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Wednesday, May 15, 2024

Bar reform in California. A promising start

Innovation in legal services is a slog.  One that rewards those who take the long view, and who can find some cautious optimism in a world of setbacks -- of protectionism, parochialism, inertia, and even the occasional crisis (financial; pandemic, etc) that knocks back fruitful experiments to the beginning or off the stage altogether.  This is at least as true of lawyer credentialing and the administration of the much-maligned bar exam.

And so we should welcome the interesting experiment just announced out of California.  The Golden State is eschewing its cooperation with the Nat'l Conference of Bar Examiners (NCBE), the organization based in Madison, Wisconsin -- peculiarly, given that this is the state that grants the diploma privilege to state law school grads, but I digress.  The NCBE has had an iron death-grip on the content, and many elements of administration, of the bar exams of states around the country.  The organization has not had a reputation for being especially innovation minded; nor has it been, in my experience, a constructive cooperator.  Anecdote: I was once in a meeting of twenty or so deans with the then-director of the organization, in the hopes of facilitating a useful exchange of student performance and bar data, data which has long been critical to a better understanding of where law schools fail, where NCBE and bar authorities come up short, and how we might improve the world for our students.  The response was, and this is mighty close to a direct quote:  "Well, we have high-level psychometricians at NCBE who work on these difficult issues and law schools (and other groups) couldn't possibly grasp the nuance of this performance information."  Us pea-brained deans got the message, and left without any optimism that law school/NCBE cooperation would be forthcoming.  About a dozen years later:  Same as it ever was.

Into this frustrating status quo comes California's decision to work internally on key matters of bar administration, including the possibility of an in-home version of the test -- something that so many grads pleaded for during Covid, and disabled grads would benefit from going forward.  Even more promising is the prospect that, in collaboration with Kaplan, Inc., California will develop some ambitious new types of content -- something that is really truly a "new generation" bar exam, which the NCBE has been touting with some fanfare for the last few years.  By way of context, I was involved in some conversations with state bar staff and an organization whose name I won't here disclose about the prospect of leveraging new ways of assessing knowledge, perhaps drawing from developments in gamification and AI/machine learning.  While I honestly don't know if this future-oriented discussion is part of this new initiative, I hope California will use all the big brains it can muster to give us novel, constructive ideas.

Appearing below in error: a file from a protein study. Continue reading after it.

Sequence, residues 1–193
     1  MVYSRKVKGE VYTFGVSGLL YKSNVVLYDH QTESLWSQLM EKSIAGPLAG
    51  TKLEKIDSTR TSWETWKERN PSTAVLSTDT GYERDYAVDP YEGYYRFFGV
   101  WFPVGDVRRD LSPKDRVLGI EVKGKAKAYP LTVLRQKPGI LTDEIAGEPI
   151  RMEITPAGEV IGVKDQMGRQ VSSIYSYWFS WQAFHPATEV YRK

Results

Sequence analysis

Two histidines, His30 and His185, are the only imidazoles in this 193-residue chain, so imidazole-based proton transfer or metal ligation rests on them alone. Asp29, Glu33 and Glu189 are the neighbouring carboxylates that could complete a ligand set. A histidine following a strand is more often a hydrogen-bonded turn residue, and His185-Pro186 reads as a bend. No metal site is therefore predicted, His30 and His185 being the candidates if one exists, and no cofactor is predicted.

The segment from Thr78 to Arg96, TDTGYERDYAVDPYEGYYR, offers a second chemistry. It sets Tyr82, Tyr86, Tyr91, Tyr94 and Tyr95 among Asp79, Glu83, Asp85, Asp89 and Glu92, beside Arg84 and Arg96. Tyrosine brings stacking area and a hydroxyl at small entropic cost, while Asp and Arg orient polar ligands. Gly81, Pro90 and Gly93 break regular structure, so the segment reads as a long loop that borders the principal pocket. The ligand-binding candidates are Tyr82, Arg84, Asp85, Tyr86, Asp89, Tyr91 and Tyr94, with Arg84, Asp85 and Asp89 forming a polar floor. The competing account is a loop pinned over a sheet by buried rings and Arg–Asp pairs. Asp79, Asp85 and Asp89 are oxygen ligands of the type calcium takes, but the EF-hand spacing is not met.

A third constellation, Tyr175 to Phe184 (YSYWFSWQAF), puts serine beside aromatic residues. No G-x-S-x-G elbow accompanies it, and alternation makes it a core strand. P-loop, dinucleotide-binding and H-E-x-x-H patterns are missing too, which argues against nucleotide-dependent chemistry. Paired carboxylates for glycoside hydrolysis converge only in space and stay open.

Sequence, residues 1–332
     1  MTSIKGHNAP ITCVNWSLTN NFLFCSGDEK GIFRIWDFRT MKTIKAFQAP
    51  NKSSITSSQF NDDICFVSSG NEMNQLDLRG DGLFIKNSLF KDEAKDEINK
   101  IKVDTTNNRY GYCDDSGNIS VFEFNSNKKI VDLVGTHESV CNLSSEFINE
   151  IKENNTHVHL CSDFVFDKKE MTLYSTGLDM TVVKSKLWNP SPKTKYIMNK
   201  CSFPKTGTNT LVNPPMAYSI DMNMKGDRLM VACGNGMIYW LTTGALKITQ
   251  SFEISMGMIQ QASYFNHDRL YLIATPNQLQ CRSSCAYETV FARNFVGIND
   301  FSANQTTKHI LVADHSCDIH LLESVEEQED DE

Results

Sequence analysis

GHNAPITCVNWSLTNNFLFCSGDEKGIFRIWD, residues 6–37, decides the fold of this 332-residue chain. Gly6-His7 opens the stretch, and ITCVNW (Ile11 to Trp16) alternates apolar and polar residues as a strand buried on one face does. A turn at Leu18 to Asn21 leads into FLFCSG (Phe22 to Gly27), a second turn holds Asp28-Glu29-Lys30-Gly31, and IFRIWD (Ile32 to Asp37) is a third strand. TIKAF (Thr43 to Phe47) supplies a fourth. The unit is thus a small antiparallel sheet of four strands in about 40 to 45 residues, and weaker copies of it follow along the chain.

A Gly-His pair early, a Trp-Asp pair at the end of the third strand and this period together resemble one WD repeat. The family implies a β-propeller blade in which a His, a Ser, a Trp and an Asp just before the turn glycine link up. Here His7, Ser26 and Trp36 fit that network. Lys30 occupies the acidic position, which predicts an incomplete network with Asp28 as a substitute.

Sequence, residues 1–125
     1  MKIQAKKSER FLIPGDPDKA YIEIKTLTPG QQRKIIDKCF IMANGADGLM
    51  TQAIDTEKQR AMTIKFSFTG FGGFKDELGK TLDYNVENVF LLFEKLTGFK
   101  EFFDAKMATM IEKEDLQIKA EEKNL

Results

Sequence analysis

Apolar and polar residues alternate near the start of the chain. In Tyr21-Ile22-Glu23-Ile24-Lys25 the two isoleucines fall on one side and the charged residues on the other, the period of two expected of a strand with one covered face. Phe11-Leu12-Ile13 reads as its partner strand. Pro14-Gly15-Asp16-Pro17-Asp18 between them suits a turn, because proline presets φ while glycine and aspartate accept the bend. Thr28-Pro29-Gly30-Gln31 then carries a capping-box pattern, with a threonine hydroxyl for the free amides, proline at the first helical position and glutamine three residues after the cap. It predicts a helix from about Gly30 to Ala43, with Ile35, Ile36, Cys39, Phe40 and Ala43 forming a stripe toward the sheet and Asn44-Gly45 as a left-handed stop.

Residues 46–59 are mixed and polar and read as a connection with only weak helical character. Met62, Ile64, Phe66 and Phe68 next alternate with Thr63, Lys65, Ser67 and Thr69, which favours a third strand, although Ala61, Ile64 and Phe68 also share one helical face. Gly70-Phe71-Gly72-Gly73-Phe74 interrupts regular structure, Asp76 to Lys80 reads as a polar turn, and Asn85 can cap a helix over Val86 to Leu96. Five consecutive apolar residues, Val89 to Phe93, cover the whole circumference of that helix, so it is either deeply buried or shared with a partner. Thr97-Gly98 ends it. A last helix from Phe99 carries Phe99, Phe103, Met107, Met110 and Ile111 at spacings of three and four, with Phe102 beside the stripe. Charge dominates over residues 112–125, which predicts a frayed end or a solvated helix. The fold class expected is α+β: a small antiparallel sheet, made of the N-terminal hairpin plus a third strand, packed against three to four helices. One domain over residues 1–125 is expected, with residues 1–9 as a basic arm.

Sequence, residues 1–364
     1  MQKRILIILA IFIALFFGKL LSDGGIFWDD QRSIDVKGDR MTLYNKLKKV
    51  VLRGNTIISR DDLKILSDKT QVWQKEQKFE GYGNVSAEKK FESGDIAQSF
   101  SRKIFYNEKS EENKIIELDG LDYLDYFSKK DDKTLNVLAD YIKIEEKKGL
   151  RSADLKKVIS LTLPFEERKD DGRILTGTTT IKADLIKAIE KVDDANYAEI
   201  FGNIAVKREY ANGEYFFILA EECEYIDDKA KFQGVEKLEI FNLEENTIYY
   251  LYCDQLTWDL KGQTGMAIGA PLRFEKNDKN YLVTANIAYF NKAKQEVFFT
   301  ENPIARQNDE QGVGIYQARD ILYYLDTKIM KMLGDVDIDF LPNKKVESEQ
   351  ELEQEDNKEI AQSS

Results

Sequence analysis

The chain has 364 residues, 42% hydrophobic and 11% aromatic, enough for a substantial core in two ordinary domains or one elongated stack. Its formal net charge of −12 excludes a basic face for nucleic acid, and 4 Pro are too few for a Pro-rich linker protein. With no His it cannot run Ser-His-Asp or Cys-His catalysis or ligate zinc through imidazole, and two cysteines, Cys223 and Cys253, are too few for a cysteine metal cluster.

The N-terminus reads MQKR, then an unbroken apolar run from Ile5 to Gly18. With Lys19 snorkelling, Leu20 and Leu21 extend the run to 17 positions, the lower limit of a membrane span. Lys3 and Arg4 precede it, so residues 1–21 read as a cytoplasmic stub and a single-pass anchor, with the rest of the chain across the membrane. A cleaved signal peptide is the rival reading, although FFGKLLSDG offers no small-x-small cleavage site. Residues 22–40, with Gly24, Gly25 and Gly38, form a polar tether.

To be sure, this is a partnership with a company that has skin in the game.  I won't speak to either the incentives or the bona fides of Kaplan in regard, not for any cagey reason but just from a dearth of actual knowledge of the arrangement struck.  But I'll just say that the fact that California apparently knows what it doesn't know and seeks out external help from an organization other than one whose monopoly over bar exam ventures has hobbled innovation, is a promising development.  Many things betwixt cup and lip for sure, but we should watch with great interest what happens in California.  A failure will be a setback, but this natural experiment will yield valuable information.  That's what laboratories of experimentation are all about.  And if this succeeds, both in solving some serious financial problems that plague Cal Bar and in advancing the welfare of our graduates, that's a game-changer.  And change is what we need.

Posted by Dan Rodriguez on May 15, 2024 at 03:45 PM in Daniel Rodriguez | Permalink


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